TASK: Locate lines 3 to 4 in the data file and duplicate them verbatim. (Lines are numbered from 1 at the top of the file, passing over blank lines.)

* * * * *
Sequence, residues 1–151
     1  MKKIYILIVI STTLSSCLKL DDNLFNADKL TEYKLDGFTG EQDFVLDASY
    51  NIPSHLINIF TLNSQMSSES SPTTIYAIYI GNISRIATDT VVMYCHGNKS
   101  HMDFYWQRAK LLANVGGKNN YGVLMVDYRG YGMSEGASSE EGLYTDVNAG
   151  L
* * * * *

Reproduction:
    51  NIPSHLINIF TLNSQMSSES SPTTIYAIYI GNISRIATDT VVMYCHGNKS
   101  HMDFYWQRAK LLANVGGKNN YGVLMVDYRG YGMSEGASSE EGLYTDVNAG